is Ancient Greek for “entire Earth”.Is the name given to the last ,
global supercontinent ,which existed 250 million years ago.
The PANGAEA project,which envisages sailing around world in
4 years ,is the brainchild of Mike Horn- researcher ,extreme adventurer,idealist,visionary-a man who is renowned for his daring
expeditions.Based on the central theme “explore,learn,act”,he initiates social and environmental project around globe together with young explorers from all over the world.During the expedition ,the young explorers get to know our planet’s ecosystem and play an active part in helping to preserve our natural world.They become ambassadors ,taking the idea of environmental protection back to their homelands,
where they then initiate their own projects.
Like the expedition itself ,Mike Horn’s vessel PANGAEA,is also named after the last of global supercontinent .Measuring 35 meters
in length it is one of the world’s largest and most versatile expedition
sailboat .Even when the boat was being built,preservation of the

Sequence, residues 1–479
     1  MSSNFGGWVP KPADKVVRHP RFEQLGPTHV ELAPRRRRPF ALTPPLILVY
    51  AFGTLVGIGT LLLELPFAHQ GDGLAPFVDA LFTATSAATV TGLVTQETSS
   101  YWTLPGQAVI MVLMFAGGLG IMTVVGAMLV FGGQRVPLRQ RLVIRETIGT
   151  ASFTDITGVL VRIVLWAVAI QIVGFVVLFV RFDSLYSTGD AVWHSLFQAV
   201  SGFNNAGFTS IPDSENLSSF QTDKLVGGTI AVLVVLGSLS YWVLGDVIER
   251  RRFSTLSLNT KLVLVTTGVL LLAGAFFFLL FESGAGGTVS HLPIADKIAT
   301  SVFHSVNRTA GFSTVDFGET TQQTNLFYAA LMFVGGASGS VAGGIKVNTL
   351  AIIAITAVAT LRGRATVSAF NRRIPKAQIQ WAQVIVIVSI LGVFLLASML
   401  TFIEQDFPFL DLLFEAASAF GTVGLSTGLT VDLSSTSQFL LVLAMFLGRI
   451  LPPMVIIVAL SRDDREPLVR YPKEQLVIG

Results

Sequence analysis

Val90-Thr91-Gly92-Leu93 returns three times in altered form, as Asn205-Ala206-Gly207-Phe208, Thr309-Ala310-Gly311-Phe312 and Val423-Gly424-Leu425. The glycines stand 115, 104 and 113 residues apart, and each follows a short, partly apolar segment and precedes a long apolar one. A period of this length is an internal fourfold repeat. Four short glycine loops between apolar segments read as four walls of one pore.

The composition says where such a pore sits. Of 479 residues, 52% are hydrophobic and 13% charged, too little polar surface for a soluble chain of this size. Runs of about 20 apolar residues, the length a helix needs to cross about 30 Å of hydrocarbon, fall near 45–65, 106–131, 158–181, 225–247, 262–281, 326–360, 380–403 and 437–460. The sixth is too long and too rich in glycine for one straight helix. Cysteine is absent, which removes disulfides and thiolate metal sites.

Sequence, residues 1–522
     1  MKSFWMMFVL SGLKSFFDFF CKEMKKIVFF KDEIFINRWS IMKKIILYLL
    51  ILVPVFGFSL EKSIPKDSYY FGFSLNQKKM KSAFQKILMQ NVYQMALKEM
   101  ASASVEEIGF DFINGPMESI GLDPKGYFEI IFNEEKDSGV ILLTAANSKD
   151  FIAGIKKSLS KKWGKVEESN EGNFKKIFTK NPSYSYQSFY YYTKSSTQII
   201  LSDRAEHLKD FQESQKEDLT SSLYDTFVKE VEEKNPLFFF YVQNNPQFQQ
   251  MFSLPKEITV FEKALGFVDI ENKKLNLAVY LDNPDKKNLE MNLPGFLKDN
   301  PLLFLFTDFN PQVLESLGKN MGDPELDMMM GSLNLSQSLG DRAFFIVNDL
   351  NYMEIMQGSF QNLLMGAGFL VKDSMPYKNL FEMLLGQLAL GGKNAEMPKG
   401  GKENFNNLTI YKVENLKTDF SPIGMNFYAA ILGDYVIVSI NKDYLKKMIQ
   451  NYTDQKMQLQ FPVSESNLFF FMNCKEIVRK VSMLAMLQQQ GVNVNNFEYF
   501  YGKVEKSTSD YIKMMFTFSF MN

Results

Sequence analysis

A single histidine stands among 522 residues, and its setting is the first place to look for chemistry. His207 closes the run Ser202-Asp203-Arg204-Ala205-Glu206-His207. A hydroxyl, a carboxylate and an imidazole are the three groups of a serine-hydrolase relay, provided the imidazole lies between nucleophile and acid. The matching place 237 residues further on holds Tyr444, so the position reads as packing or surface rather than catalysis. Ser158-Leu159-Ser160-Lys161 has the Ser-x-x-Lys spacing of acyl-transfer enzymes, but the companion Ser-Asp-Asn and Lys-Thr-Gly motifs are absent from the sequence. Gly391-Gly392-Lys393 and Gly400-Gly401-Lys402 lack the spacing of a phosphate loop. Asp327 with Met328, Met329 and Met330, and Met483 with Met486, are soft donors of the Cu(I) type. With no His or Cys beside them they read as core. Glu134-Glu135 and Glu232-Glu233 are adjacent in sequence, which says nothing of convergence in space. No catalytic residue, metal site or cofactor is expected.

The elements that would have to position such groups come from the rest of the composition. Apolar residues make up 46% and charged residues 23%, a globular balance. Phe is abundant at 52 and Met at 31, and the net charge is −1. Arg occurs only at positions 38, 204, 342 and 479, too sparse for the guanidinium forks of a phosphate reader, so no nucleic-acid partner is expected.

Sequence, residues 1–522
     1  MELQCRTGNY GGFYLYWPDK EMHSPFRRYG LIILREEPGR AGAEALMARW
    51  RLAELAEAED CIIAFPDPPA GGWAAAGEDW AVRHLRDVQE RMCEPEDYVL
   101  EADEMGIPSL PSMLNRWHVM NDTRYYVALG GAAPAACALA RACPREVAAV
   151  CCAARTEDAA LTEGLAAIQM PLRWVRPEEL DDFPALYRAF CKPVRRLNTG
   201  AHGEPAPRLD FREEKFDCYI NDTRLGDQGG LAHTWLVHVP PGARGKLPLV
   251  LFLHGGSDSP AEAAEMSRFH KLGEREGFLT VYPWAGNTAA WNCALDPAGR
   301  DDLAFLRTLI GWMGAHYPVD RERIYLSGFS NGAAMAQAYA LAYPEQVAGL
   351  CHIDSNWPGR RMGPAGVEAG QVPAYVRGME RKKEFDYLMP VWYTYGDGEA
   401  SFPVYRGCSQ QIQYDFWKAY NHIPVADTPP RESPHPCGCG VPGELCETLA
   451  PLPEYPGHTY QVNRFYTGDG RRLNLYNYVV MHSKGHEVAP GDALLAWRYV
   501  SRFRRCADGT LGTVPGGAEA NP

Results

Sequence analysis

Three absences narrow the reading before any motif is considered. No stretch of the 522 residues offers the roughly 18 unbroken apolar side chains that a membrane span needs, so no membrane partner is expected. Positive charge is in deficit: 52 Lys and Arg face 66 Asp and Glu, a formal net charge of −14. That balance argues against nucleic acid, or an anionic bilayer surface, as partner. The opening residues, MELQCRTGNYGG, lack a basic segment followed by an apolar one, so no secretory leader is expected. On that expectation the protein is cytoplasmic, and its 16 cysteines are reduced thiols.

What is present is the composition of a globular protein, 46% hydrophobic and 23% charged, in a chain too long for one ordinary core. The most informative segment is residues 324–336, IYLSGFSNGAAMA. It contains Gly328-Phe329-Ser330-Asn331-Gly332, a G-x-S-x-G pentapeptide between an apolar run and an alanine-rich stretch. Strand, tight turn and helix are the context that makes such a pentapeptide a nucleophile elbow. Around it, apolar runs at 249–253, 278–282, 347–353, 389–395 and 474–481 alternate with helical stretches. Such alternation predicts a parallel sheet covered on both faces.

environment was a top priority ,the hull is made from recyclable
aluminium and totally dispenses with the use of marine paint.
Both the integrated waste-recycling system and the on-board generators meet strict ecological requirements .Flexible solar cells in
the sails and on the deck provide the necessary power ,for example.
The PANGAEA expedition covers every continent ,every climate zone and every ocean on our planet.At twelve stations around the globe,
Mike Horn and young explorers initiate ecological and social project such as global warming ,waste disposal and biodiversity ,accompanied all the while by teachers,universities and international organizations.
The mission begins .18 October 2008
Argentina,Ushuaia ,Capitol of the Tierra del Fuego province and for decades the point of departure for Antarctic expedition -was the starting point for another pioneering venture in 2088.
The project is cooled Pangaea .For our” entire earth”. For our planet.For our future.
Observing dolphins and their behavior ,monitoring of the water temperature in the fiords ,identification of flora and fauna, and study of ancient human cultures .With the assistance of marine biologist.
Insight into local,exploration of coastline and coral reefs of the island of Borneo ,recording the island ‘reff data,inside into in the underwater world as well as the lives of the turtle and orang -utan population